[0016] To provide the pulsed laser beam, the laser 14 may utilize a chirped pulse laser amplification system, such as described in U.S. Pat. No. RE37,585, for photoalteration. U.S. Pat. Publication No. 2004/02431 1 1 also describes other methods of photoalteration. Other devices or systems may be used to generate pulsed laser beams. For example, non-ultraviolet (UV), ultrashort pulsed laser technology can produce pulsed laser beams having pulse durations measured in femtoseconds. Some of the non-UV, ultrashort pulsed laser technology may be used in ophthalmic applications. For example, U.S. Pat. No. 5,993,438 discloses a device for performing ophthalmic surgical procedures to effect high-accuracy corrections of optical aberrations. U.S. Pat. No. 5,993,438 discloses an intrastromal photodisruption technique for reshaping the cornea using a non-UV, ultrashort (e.g., femtosecond pulse duration), pulsed laser beam that propagates through corneal tissue and is focused at a point below the surface of the cornea to photodisrupt stromal tissue at the focal point.

[0017] The system 10 is capable of generating the pulsed laser beam 18 with physical characteristics similar to those of the laser beams generated by a laser system disclosed in U.S. Pat. No. 4,764,930, U.S. Pat. No. 5,993,438, or the like. For example, the system 10 can produce a non-UV, ultrashort pulsed laser beam for use as an incising laser beam. This pulsed laser beam preferably has laser pulses with durations as long as a few nanoseconds or as short as a few femtoseconds. For intrastromal photodisruption of the tissue, the pulsed laser beam 18 has a wavelength that permits the pulsed laser beam 18 to pass through the cornea without absorption by the corneal tissue. The wavelength of the pulsed laser beam 18 is generally in the range of about 3 μm to about 1.9 nm, preferably between about 400 nm to about 3000 nm, and the irradiance of the pulsed laser beam 18 for accomplishing photodisruption of stromal tissues at the focal point is greater than the threshold for optical breakdown of the tissue. Although a non-UV, ultrashort pulsed laser beam is described in this embodiment, the laser 14 produces a laser beam with other pulse durations and different wavelengths in other embodiments. In one embodiment, the laser 14 preferably has a pulse repetition rate of about 150 kHz, and the cumulative amount of energy deposited into the cornea may be reduced while providing a comparable dissection quality (e.g., in comparison with photoalteration using slower pulse repetition rates) and while decreasing the overall time associated with the photoalteration procedure.

[0018] The focusing optics 28 direct the pulsed laser beam 18 toward the eye

(e.g., onto the cornea) for plasma mediated (e.g., non-UV) photoablation of superficial tissue, or into the stroma for intrastromal photodisruption of tissue. The system 10 may also include an applanation lens (not shown) to flatten the cornea prior to scanning the pulsed laser beam 18 toward the eye. A curved, or non-planar, lens may substitute this applanation lens to contact the cornea in other embodiments.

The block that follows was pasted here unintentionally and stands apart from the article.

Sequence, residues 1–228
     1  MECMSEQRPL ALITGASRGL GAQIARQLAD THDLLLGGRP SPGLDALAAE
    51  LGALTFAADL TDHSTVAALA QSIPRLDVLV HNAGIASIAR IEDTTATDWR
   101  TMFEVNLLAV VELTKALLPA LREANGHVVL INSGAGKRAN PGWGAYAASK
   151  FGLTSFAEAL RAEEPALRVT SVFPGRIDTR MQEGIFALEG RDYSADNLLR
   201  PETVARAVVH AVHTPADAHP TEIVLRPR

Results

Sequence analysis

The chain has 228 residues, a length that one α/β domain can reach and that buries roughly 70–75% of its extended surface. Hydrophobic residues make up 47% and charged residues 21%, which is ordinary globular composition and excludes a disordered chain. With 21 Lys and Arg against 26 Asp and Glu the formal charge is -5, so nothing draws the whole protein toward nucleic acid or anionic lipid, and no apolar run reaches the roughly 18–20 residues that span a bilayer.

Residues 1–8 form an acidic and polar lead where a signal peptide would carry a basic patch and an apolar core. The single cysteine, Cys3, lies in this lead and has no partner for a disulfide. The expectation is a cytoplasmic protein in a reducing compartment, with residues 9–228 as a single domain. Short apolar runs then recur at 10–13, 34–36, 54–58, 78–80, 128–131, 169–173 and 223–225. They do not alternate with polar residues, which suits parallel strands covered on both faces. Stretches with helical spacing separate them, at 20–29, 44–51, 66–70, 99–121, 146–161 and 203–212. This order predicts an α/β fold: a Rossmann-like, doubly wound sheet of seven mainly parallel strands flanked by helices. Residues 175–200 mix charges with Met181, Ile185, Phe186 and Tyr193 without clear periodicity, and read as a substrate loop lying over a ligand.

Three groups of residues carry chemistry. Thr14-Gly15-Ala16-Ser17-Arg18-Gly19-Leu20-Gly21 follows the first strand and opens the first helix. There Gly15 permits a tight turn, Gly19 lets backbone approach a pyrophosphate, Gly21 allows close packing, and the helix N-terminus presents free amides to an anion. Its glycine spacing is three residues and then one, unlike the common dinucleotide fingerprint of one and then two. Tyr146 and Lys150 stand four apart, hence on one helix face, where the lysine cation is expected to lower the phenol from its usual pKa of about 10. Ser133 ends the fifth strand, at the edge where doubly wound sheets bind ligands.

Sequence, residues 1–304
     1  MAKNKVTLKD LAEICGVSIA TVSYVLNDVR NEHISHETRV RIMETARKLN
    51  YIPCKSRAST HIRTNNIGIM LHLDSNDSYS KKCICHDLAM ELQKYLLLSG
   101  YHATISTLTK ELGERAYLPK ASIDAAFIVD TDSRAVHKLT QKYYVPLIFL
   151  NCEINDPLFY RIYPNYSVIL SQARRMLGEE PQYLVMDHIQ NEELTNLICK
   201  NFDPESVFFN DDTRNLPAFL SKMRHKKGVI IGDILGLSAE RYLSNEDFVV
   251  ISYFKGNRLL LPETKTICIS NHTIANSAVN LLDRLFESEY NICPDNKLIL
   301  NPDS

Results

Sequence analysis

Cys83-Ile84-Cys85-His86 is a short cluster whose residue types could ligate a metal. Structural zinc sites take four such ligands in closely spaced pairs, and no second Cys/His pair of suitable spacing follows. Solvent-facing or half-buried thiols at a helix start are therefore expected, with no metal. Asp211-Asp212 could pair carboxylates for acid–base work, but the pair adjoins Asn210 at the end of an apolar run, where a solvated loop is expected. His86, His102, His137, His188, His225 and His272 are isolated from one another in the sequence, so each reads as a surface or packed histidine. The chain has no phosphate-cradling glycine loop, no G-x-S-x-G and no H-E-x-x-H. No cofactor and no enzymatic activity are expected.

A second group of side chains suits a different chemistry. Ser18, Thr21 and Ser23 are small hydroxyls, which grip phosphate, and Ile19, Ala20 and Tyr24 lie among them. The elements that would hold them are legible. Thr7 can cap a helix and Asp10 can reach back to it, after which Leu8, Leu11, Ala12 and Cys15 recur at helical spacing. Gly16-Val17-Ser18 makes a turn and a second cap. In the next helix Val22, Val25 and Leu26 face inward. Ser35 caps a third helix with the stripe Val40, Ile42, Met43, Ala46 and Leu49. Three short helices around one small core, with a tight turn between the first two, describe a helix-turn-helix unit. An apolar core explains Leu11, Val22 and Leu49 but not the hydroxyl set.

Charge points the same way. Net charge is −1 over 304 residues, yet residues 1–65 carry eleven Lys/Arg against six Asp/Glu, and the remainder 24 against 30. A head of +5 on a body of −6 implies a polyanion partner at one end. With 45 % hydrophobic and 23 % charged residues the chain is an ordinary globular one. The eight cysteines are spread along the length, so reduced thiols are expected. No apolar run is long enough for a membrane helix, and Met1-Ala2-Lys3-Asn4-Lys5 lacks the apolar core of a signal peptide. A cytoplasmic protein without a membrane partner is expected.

[0019] The user interface 32 provides a flexible and simple environment for the operator to interact with the system 10. In one embodiment, the user interface 32 graphically displays (e.g., using a flat panel display or the like) information, such as from the instrument software controlling the operation of various components of the system 10, and provides a visual interface between the system 10 and the operator for inputting commands and data associated with the various components of the system. A graphical user interface (GUI) is preferably used with the user interface 32 employing menus, buttons, and other graphical representations that display a variety of selectable functions to be performed by the system 10 following selection. For example, the operator may point to an object and select the object by clicking on the object, touching a pre-designated region of a touch-screen displaying the GUI, or the like. Additional items may be presented on the GUI for operator selection, such as a button or menu item indicating an available sub-menu (e.g., a drop-down sub-menu). The user interface 32 may also utilize one or more of a variety of input devices including, but not necessarily limited to, a keyboard, a trackball, a mouse, a touch-pad, a touch-sensitive screen, a joystick, a variable focal length switch, a footswitch, and the like.

[0020] In addition to the user interface 32, the imaging system 34 displays a magnified real-time digital image of the patient's eye and provides an interface for viewing the patient's eye and operator control of the centration or alignment of the laser output with the patient's eye. In one embodiment, an alignment or centration aid is displayed by the imaging system 34 overlaying the digital image of the patient's eye. The aid corresponds with the position of laser output with reference to the patient's eye. As part of the photoalteration process, the output of the laser 14 is preferably aligned with the desired region 12 of the eye. For example, the output of the laser 14 may be substantially centered with reference to the pupil and iris of the patient's eye. Viewing the digital image displayed by the imaging system 34, the operator can center the aid based on the pupil and the iris of the patient's eye and thereby adjust the position of the laser output. To facilitate this alignment or centration process, the operator may desire a greater contrast between the iris and the pupil than shown in digital image of the patient's eye displayed by the imaging system 34.